The following presentation is from the “2016 Protein Trends & Technologies Seminar: Business Highlights Summary” special report.
To date, most hydrocolloids have escaped clean label controversy. Generally derived from natural sources, the majority have managed to stay off most “no-no” lists. However, it would benefit food manufacturers to understand the physiochemical properties of hydrocolloids and to stay on top of consumer sentiment. This would help them make formula adjustments, if they wished to react to changing consumer attitudes.
Hydrocolloids, also called food gums, are derived from natural materials, including plants, seaweed, seeds and bacteria. “Hydrocolloids are part of the family of polysaccharides, and to understand their structure-function relationships and enhance the cognizant utility, it is necessary to realize their interactions at the atomic level,” said Srinivas Janaswamy, Ph.D., of the Whistler Center for Carbohydrate Research at Purdue University.
Hydrocolloids can be used to thicken, form gels, stabilize suspensions, bind and hold water, improve texture, stabilize emulsions, form films and coatings, and even to encapsulate bioactive compounds. For example, gum Arabic and xanthan gum are used as emulsifiers in salad dressing. Carrageenans are used to suspend cocoa in chocolate milk, as well as to encapsulate nutraceuticals and flavors. Locust bean gum helps to stabilize foams in whipped toppings. Often, a blend of two hydrocolloids is needed to obtain the desired functionality.
The solution behaviors of hydrocolloids are related to their associative properties. Hydrocolloids containing regular repeating-unit sequences have a natural tendency to adopt a helical conformation. In the presence of water, hydrocolloids and water interact via hydrogen bonds and/or ion-dipole interactions, leading to swelling and viscosity. They also form junction zones, connected by various types of bonds, including hydrogen bonds, ionic bonds and covalent bonds, and are responsible for the onset of gelation.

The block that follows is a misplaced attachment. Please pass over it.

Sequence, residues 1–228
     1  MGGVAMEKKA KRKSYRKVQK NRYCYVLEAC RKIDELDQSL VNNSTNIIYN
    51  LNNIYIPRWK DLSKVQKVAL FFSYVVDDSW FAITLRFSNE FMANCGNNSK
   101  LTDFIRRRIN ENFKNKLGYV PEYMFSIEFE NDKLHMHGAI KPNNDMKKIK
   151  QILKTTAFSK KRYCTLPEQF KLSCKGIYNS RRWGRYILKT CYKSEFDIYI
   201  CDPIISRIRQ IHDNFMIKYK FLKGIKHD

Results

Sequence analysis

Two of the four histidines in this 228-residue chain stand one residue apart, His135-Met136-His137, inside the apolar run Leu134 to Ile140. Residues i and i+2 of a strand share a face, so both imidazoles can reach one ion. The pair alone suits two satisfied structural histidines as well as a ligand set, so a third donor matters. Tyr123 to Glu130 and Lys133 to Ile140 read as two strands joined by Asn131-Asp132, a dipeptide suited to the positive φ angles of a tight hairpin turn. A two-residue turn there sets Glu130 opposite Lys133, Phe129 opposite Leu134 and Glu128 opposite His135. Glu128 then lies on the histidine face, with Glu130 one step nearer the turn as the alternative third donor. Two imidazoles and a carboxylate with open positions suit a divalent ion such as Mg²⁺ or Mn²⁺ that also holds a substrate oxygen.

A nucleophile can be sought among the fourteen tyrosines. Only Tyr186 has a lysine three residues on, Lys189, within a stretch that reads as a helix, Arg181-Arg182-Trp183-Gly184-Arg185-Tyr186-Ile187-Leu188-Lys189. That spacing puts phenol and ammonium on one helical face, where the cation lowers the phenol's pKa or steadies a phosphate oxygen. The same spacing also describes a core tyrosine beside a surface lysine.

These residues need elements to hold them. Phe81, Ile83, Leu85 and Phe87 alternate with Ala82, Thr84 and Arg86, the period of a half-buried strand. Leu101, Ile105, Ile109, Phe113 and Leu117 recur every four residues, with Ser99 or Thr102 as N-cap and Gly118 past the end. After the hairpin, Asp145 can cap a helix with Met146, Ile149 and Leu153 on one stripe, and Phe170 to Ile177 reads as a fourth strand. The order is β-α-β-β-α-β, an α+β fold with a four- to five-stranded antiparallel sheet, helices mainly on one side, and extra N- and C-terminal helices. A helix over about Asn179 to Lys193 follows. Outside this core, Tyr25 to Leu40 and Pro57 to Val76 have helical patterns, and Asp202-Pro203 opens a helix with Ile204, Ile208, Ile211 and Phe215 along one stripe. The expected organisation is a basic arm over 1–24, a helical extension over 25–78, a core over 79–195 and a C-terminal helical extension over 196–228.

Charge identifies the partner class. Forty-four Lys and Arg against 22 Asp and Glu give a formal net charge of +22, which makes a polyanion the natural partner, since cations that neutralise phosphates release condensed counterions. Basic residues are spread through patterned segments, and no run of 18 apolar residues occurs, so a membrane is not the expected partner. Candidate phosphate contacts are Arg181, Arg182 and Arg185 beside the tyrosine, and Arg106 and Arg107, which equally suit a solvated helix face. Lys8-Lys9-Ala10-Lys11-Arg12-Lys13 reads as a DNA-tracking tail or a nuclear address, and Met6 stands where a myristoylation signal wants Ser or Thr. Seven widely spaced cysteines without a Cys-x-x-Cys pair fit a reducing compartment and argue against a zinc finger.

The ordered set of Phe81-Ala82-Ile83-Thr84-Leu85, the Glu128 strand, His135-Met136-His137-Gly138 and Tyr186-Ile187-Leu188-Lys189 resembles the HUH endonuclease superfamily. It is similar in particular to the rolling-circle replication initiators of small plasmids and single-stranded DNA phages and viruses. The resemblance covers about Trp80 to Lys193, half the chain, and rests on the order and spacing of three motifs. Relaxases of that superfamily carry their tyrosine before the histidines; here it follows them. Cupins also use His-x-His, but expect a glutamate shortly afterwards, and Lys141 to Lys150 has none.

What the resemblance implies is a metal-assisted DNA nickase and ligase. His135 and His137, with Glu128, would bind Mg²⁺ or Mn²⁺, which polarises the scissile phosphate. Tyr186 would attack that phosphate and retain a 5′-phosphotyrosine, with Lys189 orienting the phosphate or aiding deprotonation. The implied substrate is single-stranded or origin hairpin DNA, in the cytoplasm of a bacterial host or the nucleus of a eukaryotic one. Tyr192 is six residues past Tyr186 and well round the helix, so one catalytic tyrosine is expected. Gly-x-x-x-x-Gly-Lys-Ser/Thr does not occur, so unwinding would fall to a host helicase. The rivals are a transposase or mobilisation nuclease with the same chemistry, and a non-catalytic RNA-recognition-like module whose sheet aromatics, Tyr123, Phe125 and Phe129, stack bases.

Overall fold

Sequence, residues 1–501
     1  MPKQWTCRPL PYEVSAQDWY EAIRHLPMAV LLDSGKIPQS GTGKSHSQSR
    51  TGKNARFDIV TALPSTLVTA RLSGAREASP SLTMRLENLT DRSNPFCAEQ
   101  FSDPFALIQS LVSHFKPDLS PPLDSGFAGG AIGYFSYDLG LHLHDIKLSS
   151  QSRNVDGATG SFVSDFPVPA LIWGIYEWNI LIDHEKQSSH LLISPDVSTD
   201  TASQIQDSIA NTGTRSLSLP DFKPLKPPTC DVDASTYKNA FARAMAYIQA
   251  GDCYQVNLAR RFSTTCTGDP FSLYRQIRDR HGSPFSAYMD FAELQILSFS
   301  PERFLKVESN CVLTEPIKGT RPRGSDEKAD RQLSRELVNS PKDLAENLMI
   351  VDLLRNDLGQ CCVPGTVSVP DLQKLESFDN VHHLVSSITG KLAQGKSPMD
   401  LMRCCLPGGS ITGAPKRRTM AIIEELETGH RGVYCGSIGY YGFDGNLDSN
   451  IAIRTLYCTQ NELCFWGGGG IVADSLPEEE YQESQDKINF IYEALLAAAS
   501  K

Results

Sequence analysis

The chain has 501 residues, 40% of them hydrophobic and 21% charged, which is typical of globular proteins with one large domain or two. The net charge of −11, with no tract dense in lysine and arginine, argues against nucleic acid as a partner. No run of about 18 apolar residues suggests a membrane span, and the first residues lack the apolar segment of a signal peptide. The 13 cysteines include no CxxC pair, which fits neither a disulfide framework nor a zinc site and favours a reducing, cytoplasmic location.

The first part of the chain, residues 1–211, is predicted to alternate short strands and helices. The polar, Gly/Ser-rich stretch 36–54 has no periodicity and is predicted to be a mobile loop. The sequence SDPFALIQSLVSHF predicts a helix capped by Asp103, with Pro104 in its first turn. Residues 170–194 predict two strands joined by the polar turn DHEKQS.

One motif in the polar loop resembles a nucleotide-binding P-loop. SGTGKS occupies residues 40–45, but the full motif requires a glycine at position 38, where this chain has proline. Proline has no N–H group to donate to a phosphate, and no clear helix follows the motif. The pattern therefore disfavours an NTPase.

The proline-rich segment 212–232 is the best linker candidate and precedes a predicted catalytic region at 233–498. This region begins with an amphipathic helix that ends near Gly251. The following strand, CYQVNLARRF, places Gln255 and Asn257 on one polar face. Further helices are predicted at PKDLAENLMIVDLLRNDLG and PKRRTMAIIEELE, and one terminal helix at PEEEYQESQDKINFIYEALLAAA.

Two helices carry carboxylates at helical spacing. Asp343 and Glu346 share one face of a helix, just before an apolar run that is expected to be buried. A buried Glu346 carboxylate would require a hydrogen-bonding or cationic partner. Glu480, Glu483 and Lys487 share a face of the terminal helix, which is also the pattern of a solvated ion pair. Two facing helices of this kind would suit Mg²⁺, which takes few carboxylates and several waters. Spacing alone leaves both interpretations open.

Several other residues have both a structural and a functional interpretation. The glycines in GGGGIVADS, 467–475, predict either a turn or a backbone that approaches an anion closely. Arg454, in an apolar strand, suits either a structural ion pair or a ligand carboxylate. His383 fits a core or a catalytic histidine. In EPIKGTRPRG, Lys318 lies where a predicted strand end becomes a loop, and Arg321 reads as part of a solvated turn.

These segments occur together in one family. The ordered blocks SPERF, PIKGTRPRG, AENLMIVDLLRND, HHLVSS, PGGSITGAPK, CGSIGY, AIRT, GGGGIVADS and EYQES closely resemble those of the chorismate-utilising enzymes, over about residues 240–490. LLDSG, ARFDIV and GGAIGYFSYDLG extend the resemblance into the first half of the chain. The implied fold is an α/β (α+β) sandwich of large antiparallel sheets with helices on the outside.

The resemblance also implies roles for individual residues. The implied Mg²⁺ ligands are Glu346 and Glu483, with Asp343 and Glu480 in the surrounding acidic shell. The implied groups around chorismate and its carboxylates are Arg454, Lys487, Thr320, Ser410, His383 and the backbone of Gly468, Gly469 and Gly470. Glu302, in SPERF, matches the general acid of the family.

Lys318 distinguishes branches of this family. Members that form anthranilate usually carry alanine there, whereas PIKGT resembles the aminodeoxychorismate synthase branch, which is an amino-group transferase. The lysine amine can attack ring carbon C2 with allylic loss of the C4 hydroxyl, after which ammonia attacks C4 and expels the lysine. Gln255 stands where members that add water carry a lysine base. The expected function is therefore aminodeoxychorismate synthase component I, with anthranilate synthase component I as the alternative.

Janaswamy also explored some of the label-friendly hydrocolloids, which have sources that consumers might readily understand.
Guar gum is a seed endosperm used in ice cream, baked goods, meats, beverages, dressings and sauces. It hydrates rapidly in water and yields highly viscous dispersions. It is a neutral gum, and pH has little effect on the viscosity.
Locust bean gum has a low molecular weight compared to guar gum. Some parts are highly substituted (hairy regions), and others are not substituted (bare regions.) This intrinsic property makes it interact well with other hydrocolloids in creating novel functional blends.
Gum Arabic is an exudate gum sourced from teardrop-shaped globules from the bark of Acacia trees. It aids to control the moisture migration and crystallization in many foods.
Alginate is produced from brown algae and is water-soluble. It finds useful applications in ice cream, meringue and salad dressings, to name a few. One of the interesting properties of alginate is the production of beads in the presence of calcium ions.
Carrageenans are water-soluble and come in 15 varieties. Among them, kappa, iota and lambda types are utilized extensively. In food applications, they are used as thickening, viscosifying and gelling agents due to their greater versatility. [Note: One audience member noted that while perhaps unfounded, some consumers have found issue with carrageenans.]
Consumers can be wary of ingredients they don’t understand. One strategy to enhance consumer acceptance of hydrocolloids s to explain their critical functionality in a given food product, such as “xanthan gum (for consistency),” said Janaswamy.
Hydrocolloids are sourced from natural ingredients and continue to remain essential tools for controlling moisture, achieving optimal texture and developing consumer-friendly food products.
“’Natural’ Hydrocolloids: Physiochemical Properties to Research Initiatives,” Srivivas Janaswamy, Ph.D., The Whistler Center for Carbohydrate Research at Purdue University